With the exception of FM, all the services for which provision is made in today's report have allocations in other parts of the spectrum, and so are not wholly dependent on these final assignments.
Commercial FM broadcasting, however, is covered fully by today's action. Today's allocations of the higher frequencies in preference to the present position between 42 and 50 megacycles, or the No. 1 Alternative of 50-68 megacycles suggested in the May 25 report, represents the final decision of the Commission in favor of the newly defined area of operations as one in which, for the indefinite future FM will be freer than elsewhere "from interference and other shortcomings."
The proposed upward movement of FM has been the most controversial issue in the whole program of post-war frequency allocations. In adopting the conclusion announced today, the commission overruled the recommendations of four panels of the Radio Technical Planning Board (panels on FM, television, facsimile and coordination of frequency allocations); of Major Edwin H. Armstrong, inventor of FM; and the strongly expressed opposition of officials and engineers of the Radio Corporation of America, the National Broadcasting Company, the Zenith Radio Corporation, Television Broadcasters Association, FM Broadcasters, Inc., the Electronics Manufacturers Association, and the Pioneer FM Radio Manufacturers. All had advocated the Alternative Number 1 placement between 50 and 68 megacycles.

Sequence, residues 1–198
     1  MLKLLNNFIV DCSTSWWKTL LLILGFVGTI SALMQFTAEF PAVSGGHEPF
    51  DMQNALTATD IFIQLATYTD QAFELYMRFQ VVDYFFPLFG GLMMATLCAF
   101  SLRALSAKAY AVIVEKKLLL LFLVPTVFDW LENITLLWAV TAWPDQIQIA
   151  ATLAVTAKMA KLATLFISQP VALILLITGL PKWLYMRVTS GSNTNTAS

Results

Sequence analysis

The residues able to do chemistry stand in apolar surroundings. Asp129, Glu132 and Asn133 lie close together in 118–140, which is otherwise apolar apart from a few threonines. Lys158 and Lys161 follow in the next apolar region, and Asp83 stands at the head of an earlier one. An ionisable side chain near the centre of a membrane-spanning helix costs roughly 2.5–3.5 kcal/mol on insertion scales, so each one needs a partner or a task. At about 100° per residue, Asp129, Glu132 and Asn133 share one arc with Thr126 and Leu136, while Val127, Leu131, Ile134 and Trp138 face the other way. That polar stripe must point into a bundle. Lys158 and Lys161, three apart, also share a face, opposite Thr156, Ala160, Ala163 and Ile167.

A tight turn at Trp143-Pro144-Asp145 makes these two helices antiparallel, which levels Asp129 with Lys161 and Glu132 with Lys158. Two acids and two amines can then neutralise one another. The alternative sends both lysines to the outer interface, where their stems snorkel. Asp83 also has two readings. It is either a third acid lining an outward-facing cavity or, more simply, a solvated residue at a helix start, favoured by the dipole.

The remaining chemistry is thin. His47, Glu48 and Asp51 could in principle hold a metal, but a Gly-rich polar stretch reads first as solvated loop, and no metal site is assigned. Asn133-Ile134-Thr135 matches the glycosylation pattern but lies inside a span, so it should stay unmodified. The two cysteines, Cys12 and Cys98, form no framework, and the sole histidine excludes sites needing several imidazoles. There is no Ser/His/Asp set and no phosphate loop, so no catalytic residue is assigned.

On the basis of tests, tables and other data presented by FCC engineers, and by K. A. Norton, formerly of the FCC and now a civilian employe of the War Department, however, the commission ruled that the case for the placement of FM in the higher frequencies had been established to its satisfaction.